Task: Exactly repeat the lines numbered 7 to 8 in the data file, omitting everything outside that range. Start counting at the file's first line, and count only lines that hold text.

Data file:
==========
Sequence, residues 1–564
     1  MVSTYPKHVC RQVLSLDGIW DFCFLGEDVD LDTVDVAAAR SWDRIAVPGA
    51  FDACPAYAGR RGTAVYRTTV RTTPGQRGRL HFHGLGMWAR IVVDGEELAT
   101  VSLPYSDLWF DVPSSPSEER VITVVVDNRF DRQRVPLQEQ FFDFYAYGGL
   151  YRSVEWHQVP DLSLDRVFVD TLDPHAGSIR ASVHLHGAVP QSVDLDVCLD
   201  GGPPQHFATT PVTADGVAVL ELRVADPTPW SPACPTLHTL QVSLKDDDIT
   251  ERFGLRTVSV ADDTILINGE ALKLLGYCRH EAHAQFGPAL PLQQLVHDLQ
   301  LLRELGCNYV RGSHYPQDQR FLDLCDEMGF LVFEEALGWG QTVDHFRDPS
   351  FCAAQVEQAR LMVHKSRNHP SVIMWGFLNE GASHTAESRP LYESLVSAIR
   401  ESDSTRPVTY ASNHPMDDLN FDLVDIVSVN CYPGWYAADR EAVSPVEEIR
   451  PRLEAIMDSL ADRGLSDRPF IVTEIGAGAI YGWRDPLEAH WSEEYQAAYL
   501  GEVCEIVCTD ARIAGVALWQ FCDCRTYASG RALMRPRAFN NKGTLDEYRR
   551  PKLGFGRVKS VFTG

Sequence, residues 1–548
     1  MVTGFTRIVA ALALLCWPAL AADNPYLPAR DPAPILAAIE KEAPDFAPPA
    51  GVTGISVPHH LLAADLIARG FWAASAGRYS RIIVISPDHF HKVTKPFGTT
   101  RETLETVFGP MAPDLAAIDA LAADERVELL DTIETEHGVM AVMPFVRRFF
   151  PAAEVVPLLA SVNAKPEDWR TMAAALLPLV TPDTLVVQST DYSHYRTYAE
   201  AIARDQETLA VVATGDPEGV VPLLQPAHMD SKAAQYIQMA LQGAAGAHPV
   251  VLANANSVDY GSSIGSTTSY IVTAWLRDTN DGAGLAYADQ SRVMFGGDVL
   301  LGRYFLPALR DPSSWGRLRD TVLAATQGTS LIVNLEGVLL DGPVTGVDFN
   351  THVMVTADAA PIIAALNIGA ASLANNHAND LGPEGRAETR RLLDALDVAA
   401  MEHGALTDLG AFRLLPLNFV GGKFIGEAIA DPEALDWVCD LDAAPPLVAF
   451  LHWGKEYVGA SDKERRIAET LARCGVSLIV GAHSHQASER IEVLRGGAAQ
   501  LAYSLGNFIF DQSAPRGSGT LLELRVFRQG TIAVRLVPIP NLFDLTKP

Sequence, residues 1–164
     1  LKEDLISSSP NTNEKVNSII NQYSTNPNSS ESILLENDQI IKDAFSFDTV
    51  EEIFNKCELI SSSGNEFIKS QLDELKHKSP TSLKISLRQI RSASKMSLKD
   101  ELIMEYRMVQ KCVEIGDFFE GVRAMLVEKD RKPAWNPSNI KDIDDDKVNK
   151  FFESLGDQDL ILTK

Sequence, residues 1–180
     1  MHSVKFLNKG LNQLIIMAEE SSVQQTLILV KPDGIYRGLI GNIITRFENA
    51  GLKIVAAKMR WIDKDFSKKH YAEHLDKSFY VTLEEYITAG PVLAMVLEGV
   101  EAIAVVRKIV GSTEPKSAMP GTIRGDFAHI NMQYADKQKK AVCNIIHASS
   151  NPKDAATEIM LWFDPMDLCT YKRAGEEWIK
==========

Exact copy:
   251  ERFGLRTVSV ADDTILINGE ALKLLGYCRH EAHAQFGPAL PLQQLVHDLQ
   301  LLRELGCNYV RGSHYPQDQR FLDLCDEMGF LVFEEALGWG QTVDHFRDPS